This fall, what better time to take a quick look at your church media ministry, station or broadcast outreach, and transform your weak spots into gleaming examples of effectiveness!
If you’re not taking a hard, critical look at your church, station or ministry at least once a year, then you’re way behind the curve. Technology changes, culture changes, trends change, people change, taste changes, and if you’re not keeping up, then the effectiveness of your outreach is suffering. Someone once said, “the message never changes, but the methods do.” Jesus Christ is the same yesterday, today, and forever, but I can’t say the same thing about our camera and sound equipment, our staff members, or our program ideas.
Therefore, here’s a good checklist (suitable for framing, of course) that I suggest you start with as you begin your yearly examination:
1. Take a new look at technology.
When was the last time you attended the Inspiration Conference, the National Association of Broadcasters Convention, or a Christians and Media Conference? These are places to see all the emerging technologies and talk with company officials, sales representatives and experienced producers. Sure you can’t afford all the bells and whistles, but you need to have a clear view of what the possibilities are and what’s right for your particular situation. Also, I highly recommend you attend with both a producer and engineer who understand your church, station, or ministry. You need both perspectives before you can really make accurate and effective decisions on equipment. Sales representatives are helpful, but before you make a major purchase get opinions and perspectives from a number of qualified sources.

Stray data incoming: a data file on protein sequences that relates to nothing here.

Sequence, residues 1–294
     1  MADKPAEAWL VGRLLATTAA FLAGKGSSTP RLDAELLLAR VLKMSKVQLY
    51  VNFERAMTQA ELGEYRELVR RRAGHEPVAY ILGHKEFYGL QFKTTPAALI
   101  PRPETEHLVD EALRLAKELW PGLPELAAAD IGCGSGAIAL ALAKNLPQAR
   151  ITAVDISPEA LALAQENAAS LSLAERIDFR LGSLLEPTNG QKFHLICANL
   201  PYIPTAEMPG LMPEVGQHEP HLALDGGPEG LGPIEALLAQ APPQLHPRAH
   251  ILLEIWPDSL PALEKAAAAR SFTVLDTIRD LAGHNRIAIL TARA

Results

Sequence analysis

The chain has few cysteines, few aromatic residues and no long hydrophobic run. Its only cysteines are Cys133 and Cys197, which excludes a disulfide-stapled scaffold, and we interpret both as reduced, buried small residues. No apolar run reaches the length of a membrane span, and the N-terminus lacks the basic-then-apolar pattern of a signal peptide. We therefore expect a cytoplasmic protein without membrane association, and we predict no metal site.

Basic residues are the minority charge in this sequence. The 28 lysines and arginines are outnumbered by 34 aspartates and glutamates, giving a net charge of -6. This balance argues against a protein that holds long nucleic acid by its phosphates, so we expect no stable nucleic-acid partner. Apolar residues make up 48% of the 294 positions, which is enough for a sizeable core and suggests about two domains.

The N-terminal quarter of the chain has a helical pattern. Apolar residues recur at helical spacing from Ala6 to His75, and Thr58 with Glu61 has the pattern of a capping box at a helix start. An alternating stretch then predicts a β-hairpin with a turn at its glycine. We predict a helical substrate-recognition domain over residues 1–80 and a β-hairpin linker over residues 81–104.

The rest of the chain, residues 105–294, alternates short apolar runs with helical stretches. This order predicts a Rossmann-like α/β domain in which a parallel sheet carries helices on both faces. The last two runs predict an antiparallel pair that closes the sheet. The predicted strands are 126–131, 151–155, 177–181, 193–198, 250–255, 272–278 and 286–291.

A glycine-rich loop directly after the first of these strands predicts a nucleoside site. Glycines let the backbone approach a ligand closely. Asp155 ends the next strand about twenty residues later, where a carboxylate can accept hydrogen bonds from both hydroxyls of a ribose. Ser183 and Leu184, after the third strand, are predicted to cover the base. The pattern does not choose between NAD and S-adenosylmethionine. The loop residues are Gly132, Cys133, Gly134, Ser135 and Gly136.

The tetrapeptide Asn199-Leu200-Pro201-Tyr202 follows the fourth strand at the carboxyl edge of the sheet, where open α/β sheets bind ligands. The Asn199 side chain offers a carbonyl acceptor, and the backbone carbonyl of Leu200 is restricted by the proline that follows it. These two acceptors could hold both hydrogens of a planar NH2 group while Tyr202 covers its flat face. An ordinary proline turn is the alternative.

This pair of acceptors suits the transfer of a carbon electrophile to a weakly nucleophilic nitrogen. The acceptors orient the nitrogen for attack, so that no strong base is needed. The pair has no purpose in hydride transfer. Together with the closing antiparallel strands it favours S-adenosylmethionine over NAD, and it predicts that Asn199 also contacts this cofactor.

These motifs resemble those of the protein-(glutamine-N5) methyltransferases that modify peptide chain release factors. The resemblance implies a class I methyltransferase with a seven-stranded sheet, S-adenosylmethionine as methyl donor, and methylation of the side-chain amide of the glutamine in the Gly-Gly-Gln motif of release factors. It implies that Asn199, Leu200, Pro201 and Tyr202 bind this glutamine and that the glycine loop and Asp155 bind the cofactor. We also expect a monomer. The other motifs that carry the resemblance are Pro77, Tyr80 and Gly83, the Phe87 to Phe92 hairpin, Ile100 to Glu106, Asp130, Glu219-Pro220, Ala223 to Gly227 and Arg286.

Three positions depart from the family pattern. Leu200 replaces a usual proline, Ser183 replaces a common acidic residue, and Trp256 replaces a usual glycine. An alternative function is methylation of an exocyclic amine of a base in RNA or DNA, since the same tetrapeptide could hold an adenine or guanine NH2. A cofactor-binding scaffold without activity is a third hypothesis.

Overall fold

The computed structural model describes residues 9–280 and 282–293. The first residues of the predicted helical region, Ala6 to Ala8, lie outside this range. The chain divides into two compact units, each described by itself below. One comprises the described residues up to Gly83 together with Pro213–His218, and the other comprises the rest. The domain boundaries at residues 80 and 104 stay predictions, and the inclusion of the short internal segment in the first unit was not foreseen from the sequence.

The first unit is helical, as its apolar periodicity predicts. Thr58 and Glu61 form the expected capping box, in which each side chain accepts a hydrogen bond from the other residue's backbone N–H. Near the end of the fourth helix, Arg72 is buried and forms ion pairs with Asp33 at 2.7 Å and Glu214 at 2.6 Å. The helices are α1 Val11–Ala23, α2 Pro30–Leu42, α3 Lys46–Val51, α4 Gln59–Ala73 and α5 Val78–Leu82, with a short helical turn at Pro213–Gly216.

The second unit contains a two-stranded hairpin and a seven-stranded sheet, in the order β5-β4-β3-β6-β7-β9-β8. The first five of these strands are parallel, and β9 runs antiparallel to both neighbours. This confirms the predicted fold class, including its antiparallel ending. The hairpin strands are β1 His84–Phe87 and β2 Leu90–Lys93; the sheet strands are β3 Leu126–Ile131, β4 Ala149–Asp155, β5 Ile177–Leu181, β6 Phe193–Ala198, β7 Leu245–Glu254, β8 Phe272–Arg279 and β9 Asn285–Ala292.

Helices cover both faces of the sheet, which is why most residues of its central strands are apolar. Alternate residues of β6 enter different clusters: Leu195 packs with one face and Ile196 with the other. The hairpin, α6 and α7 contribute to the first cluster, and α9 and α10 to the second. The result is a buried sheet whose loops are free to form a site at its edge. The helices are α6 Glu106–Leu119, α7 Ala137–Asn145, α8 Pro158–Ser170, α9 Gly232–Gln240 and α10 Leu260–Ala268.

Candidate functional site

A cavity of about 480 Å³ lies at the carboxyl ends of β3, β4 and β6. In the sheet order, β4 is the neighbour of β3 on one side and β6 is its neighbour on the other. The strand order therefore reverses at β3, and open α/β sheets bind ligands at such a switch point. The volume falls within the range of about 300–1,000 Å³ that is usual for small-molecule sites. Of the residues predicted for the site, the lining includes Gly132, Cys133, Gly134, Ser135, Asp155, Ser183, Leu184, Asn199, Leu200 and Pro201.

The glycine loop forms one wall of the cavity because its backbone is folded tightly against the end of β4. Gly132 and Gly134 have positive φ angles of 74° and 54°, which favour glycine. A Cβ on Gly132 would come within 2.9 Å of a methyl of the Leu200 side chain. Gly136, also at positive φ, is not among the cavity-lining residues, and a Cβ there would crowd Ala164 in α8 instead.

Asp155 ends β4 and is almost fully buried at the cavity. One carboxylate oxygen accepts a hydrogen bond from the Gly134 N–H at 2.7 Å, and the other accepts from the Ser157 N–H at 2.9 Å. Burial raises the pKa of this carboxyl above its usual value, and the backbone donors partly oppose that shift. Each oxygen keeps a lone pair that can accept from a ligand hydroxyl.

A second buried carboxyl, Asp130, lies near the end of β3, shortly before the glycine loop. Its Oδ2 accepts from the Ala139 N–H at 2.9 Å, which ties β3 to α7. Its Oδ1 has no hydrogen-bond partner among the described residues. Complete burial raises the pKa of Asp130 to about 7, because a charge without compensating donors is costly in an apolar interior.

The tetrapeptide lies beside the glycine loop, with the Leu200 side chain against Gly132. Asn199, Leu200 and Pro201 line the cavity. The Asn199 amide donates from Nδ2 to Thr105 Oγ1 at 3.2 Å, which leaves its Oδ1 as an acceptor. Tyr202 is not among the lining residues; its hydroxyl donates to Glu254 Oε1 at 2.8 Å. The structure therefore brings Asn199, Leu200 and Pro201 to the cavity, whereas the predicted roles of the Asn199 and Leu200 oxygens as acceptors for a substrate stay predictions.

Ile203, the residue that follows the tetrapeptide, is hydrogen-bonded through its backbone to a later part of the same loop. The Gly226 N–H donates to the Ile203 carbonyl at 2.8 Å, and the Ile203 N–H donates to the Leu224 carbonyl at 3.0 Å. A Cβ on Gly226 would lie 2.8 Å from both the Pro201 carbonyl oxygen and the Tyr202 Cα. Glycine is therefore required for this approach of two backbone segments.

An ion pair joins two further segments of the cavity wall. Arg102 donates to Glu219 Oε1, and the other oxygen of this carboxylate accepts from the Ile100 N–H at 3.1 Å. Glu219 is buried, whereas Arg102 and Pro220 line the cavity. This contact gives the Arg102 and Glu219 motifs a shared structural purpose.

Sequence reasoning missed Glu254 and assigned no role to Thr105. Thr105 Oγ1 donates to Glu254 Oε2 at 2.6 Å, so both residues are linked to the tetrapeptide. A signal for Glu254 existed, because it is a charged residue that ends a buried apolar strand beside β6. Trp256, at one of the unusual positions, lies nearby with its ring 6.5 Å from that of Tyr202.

Reference – The Inspiration Conference – Atlanta.
2. Take a management skills review.
Take an objective look at your relationship with the people you manage. Sadly, one of the most serious problems in media ministries across the country is poor management skills. Don’t let your frustration with a lack of finances or equipment translate into a poor relationship with your staff. Remember, your people will do their best and most inspired work when you can clearly articulate your vision and encourage them to step out and take creative risks and chances. When times get tough, managers tend to take responsibility away from people, but good management practice suggests just the opposite. Stop criticizing people and start patting them on the back – you’ll be amazed at the difference it will make!
Reference – John Maxwell’s Leadership Resources:
3. How “with it” are you?
I recently watched a Christian television program that was designed to reach inner city gang members. The problem? The evangelist who hosted the program wore a designer suit, sported teased and blow dried hair, carried what looked like a 30 pound Bible, had no concept of “street lingo,” and stayed in a studio the entire production (apparently he was afraid to actually “mingle” with gang members). He was about as far out of touch with the subject as you could imagine. If you want to reach a specific audience, learn their likes and dislikes, understand their styles, aspirations, hopes, and dreams. In the last few years, secular networks have learned the power of producing gritty, realistic programs that deal with real, honest issues. That’s a lesson we could all learn. Begin producing programs that provide real answers to real questions, and do it in a way that real people can relate to.